Kona Coffee: A Brand Worth Protecting

Kona Coffee: A Brand Worth Protecting

Hands holding Kona coffee cherry

Kona Coffee is known worldwide as a high-quality specialty coffee with distinct characteristics of the region in which it is grown. Why does it not receive protected status under current Hawaii labeling laws?

Protected designation of origin (PDO) identifies products that are produced, processed, and prepared in a specific geographical area, using the recognized know-how of local producers and ingredients from that region – think "Idaho potatoes," "Florida orange juice," or "Napa Valley wine." Why doesn't Hawaii value "Kona coffee" in this same way?

The Kona Coffee Belt is a tiny strip of land on the western side of the Big Island of Hawaii. Just a few miles wide and only 30 miles long, the area has ideal conditions for growing excellent Arabica coffee, with a mild, tropical climate and mineral-rich, volcanic soil. The Kona Typica variety has a well-earned reputation for excellence.

Genuine 100% Kona Coffee can only be grown in this specific Kona coffee belt region and must contain, as the name implies, 100% Kona-grown coffee. The resulting signature 100% Kona Coffee is known for its rich, aromatic flavor with minimal bitterness or aftertaste, appealing to coffee aficionados around the world. It is considered a premium gourmet product and is prized by coffee lovers everywhere. As such, 100% Kona Coffee commands some of the highest prices in the world.

One of the few specialty coffees grown in the United States, Kona Coffee supports many small, family-run farms. Unlike most other coffee-growing regions globally, Hawaii farmworkers receive a living wage.

Recently, Representative Nicole Lowen wrote a convincing essay on this issue. She represents the Kona district in the Hawaii House of Representatives and understands Kona blends' damage to local farmers.

As it stands, any brand can claim to be "Kona Coffee" with as little as 10% of beans sourced from Kona. Visitors to the Big Island pick up a bag of this "Kona Coffee" and wonder – "What's the big deal? Doesn't taste that special to me". Well, no wonder. These so-called Kona “blends” mix in less expensive beans imported from other regions, then pass the result off as "Kona coffee" to unsuspecting tourists or shoppers on Amazon looking for a great deal.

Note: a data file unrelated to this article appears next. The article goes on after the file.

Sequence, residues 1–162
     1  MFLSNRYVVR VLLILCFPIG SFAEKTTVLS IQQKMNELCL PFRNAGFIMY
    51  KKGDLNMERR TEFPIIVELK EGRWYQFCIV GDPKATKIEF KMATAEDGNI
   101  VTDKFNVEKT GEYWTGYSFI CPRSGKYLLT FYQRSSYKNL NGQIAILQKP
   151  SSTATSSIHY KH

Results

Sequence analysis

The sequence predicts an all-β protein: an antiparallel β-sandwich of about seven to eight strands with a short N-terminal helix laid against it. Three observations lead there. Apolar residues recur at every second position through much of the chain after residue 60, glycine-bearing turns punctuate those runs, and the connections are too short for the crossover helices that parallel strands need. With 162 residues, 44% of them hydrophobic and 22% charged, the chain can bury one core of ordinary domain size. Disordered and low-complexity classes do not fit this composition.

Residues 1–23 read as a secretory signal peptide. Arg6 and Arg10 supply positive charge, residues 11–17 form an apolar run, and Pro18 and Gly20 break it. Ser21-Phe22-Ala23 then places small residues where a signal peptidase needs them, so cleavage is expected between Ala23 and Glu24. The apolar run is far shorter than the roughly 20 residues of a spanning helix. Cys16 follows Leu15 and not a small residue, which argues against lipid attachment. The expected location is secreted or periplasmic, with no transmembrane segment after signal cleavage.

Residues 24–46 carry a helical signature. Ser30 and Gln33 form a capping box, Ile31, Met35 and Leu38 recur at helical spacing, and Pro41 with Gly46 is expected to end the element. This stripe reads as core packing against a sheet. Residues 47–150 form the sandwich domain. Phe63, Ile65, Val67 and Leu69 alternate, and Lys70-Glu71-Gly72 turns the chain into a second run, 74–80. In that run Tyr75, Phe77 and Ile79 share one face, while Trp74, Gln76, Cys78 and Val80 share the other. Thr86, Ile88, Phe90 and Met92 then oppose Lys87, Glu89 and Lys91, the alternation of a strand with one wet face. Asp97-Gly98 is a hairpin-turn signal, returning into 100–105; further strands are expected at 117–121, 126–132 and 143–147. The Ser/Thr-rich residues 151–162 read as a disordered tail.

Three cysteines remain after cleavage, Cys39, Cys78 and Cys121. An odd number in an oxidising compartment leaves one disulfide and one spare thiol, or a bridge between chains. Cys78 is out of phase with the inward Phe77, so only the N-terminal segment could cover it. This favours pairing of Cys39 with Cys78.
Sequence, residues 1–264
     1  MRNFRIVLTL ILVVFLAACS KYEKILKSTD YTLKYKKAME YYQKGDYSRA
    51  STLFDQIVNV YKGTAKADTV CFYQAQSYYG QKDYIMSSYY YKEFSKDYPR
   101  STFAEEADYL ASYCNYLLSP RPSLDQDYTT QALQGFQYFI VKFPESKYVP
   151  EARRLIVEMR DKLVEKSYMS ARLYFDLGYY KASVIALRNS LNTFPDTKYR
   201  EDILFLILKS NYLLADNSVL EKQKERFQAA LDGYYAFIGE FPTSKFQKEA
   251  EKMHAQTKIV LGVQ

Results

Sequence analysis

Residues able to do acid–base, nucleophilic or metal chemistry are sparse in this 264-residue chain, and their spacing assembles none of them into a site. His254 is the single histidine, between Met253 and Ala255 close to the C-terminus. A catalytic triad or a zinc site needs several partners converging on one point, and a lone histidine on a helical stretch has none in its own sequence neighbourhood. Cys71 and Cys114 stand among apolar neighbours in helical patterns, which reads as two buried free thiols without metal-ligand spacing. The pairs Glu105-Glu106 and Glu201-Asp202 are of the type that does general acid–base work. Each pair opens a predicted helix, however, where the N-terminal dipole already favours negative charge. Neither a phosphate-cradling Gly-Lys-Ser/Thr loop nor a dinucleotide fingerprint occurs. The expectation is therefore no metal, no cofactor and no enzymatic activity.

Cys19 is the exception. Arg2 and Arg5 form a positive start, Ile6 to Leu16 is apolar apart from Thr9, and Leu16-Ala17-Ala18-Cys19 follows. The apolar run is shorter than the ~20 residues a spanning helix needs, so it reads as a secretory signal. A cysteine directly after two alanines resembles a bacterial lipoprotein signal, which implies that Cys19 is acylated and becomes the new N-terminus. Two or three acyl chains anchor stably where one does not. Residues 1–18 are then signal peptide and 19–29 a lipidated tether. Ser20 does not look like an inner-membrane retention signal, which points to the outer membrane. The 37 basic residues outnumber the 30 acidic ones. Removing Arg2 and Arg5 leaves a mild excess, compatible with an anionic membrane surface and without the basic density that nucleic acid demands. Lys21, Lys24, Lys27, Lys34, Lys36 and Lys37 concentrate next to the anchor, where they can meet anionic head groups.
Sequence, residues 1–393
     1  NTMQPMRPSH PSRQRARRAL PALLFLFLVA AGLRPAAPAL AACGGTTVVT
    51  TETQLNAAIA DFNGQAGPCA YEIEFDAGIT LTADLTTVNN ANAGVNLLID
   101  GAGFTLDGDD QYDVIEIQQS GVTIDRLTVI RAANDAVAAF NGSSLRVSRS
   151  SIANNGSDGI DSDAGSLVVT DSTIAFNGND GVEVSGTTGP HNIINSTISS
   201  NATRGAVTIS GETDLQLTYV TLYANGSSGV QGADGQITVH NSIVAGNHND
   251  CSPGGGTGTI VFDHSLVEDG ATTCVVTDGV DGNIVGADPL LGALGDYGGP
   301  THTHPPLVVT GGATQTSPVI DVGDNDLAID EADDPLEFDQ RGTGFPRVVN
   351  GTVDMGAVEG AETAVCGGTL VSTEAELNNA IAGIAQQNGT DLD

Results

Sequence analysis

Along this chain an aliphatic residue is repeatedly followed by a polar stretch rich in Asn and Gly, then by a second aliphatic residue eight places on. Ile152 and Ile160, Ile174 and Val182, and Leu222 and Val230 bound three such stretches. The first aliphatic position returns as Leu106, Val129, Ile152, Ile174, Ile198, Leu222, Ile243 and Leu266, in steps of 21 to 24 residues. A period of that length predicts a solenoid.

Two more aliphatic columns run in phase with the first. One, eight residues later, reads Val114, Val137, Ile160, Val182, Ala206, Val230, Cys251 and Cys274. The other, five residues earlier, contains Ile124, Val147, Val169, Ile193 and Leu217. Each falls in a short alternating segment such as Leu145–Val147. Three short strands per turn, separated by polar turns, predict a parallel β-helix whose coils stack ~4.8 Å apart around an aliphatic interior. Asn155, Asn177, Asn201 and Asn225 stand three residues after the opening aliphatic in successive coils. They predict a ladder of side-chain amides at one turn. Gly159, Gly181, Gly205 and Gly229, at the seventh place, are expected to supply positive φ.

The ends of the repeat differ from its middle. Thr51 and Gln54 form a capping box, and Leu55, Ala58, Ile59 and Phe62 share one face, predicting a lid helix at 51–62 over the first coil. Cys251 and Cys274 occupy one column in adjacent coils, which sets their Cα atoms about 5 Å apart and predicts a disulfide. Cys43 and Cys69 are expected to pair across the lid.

This inauthenticity is not only a disservice to consumers. It damages Kona coffee’s reputation and the local coffee farmers who go to great expense and care to produce the real thing. It dilutes the brand's value and degrades the status of Kona coffee overall. It's deceptive, dishonest, and unfair.

A recent attempt at legislation in Hawaii to address this problem, HB1517, had universal support among authentic Kona coffee farmers. It would have required coffee using the word “Kona” to include at least 51% of beans from that region. Labels will have to detail what other beans are included and in what percentages.

Sounds reasonable right? Unfortunately, large coffee importers (many on the mainland) and retailers like McDonald's want to claim they serve "Kona coffee" without having to pay for the real deal. Who gets left holding the burlap bag? The local farmers with less political heft and more to lose. Though the measure beefed up labeling requirements, it didn’t raise the percentage limits as farmers had hoped. The legislature "kicked the coffee can down the road for “more study” on the economic impacts.

Lawyers are stepping in where legislators have previously failed. Recently, there were settlements from lawsuits against retailers including Albertsons, Safeway, Kroger, and Hawaiian Isles Kona Coffee Co, Ltd. All were selling mislabeled Kona coffee. Perhaps lawsuits and monetary damages – and the unwelcome publicity that comes with them – will deter the continued deception or at least provide a measure to promote complete labeling information.

Kona coffee – authentic 100% Kona coffee – is a gourmet specialty product. It is produced in a tiny geographic area and is limited in quantity. Its rarity makes it all the more valuable. Unlike many other coffee-producing regions, Kona does not produce a mass commodity intended for mass consumption. It is a unique product that directly reflects the distinct characteristics of the area in which it is grown. Kona Coffee is a brand worth protecting.

Until this happens, Kona coffee fans and visitors should be sure to look for 100% Kona on the labels of brands they support. Only then can they be confident they are getting the real thing.

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